As teachers introduce the essential vocabulary of a content unit or work of literature, they can expose students to many words simultaneously. This differentiates instruction and provides opportunities for students of various ability levels to access the curriculum. The approach also helps to demystify the English language, connect roots words across cultures and languages, and has the added benefit of improving the probability of spelling accuracy. It can be beneficial for all students, but has particular applicability for English Language Learners and those students with vocabulary weaknesses or gaps.

    Be sure to also visit SERC’s Integrated Student Support Services (ISSS) Initiative Web page for vocabulary instruction technology links.

    Promising Practices in CT Schools
    Summary:

    Promising Practices in CT Schools

    Publication Date:Current
    URL:

    http://www.csde.state.ct.us/public/der/promisingpractices/index.htm

    Content Type:
    Promising Practices in Schools
    Grade Level:Elementary School, Middle School, High School
      
      
    Resources for speech-language pathologists

    Presented at ASHA, November, 2007 by Donna D. Merritt, Ph.D., CCC, SERC Consultant

    Connecticut’s Survey of Speech-Language Pathologists: Philosophy to Practice

     

    Integrating Speech and Language Interventions in Kindergarten: Co-teaching Applications

    Presented by Donna D. Merritt, Ph.D., SERC, Lisa Smith-Horn, and Deborah Beveridge, South Windsor Public Schools

    Early Childhood Education Initiative: Publications and Related Websites

    Greater Expectations: Connecticut’s Comprehensive Plan for Education 2001-2005
    http://www.state.ct.us/sde/whatsnew/greater_expectations.pdf
    This comprehensive plan addresses one part of the State Board of Education’s statutory requirement to provide leadership to school districts with respect to preschool, elementary and secondary education, special education, vocational education and adult education by developing a comprehensive plan every 5 years.

    Connecticut’s Blueprint for Reading Achievement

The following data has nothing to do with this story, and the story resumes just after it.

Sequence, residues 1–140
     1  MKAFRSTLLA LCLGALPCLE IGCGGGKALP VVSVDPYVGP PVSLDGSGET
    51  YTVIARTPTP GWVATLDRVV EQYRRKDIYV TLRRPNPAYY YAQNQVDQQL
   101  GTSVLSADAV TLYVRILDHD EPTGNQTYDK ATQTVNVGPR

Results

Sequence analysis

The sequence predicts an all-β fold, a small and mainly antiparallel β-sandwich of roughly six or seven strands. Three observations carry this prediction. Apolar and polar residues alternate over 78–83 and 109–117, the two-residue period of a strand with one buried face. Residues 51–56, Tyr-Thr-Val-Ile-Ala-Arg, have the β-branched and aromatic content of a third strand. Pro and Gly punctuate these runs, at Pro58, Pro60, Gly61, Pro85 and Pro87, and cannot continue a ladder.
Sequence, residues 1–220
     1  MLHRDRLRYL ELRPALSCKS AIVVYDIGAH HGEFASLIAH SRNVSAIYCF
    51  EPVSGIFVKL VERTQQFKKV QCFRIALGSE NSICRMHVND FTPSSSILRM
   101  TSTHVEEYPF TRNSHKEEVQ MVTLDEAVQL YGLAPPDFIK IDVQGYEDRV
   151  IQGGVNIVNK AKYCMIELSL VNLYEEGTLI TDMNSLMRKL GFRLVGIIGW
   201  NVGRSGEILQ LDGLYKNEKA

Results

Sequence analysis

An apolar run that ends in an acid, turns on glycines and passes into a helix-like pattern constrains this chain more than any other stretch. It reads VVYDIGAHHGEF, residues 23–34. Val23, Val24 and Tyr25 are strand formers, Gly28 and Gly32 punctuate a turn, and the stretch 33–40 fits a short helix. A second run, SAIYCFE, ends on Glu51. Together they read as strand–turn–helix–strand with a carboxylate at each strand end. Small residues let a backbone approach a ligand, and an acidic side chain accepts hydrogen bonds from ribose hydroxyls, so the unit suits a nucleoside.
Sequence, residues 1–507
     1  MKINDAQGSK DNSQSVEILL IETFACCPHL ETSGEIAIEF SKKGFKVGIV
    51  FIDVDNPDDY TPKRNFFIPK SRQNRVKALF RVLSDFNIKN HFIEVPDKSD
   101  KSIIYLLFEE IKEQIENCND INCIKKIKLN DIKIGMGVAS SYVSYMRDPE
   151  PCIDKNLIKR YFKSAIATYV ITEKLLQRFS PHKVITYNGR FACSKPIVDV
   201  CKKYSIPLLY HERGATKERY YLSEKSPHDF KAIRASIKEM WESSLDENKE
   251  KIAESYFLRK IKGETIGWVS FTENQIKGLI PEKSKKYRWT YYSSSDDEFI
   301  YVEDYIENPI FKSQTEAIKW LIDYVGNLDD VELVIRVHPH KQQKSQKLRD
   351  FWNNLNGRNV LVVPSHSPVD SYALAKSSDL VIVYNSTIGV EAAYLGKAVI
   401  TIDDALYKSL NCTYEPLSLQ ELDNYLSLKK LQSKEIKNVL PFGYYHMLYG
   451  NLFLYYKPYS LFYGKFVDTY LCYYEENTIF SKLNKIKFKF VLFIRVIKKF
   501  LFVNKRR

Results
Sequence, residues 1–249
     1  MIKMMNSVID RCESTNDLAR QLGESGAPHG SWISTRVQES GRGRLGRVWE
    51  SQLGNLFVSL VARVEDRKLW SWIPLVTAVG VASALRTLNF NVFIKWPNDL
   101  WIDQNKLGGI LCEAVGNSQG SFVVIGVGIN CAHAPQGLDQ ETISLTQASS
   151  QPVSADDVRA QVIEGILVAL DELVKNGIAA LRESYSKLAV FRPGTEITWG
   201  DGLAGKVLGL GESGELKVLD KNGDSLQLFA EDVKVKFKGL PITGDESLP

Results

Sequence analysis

http://www.state.ct.us/sde/dtl/curriculum/currcbra.htm
    This is the report of the Early Reading Success Panel, published by the CT State Department of Education in 2000. It contains a general overview of basic research finding about reading and specifies the competencies required for reading success for children in kindergarten through grade 3.

    Early Literacy Development: A Focus on Preschool http://www.state.ct.us/sde/deps/early/literacy.pdf
    This CT State Department of Education concept paper examines what literacy is, how to promote literacy with preschoolers and how to assess literacy development.

    Connecticut’s Preschool Curriculum Framework and Benchmarks for Children in Preschool Programs
    http://www.state.ct.us/sde/deps/early/Frmwrkbench.pdf
    This State Department of Education, Bureau of Early Childhood Education and Social Services document outlines content standards and performance indicators in the areas of personal and social development, physical development, cognitive development and creative expression/aesthetic development

    “Family Friendly” Services for Preschool Special Education
    http://www.state.ct.us/sde/deps/early/friendly.pdf
    The purpose of this guide is to provide guiding principles, recommended practices and tools which school district preschool special education personnel can use to provide “family friendly” services.

    Preschool Special Education Program
    http://www.state.ct.us/sde/deps/early/pssed.pdf
    This outline of the CT State Department of Education’s Bureau of Early Childhood Education and Social Services program for preschoolers with special needs describes its purpose, philosophy, eligibility and legislative authority.

    A Guide to Using the Position Statement on School-Family-Community Partnerships in Early Care and Education Programs
    http://www.state.ct.us/sde/deps/readiness/alerts/TA-SR-00-01guide.pdf
    This document examines how to develop comprehensive school-family-community partnerships in preschool settings. It looks at six partnership standards and offers sample activities.

    Position Statement on School-Family-Community Partnerships
    http://www.state.ct.us/sde/board/partnerships.pdf
    This CT State Board of Education Position Statement encourages schools to develop comprehensive school-family-community partnerships by developing programs related to six standards.

    CT State Board of Education – Position Statement on Preschool Services and Programs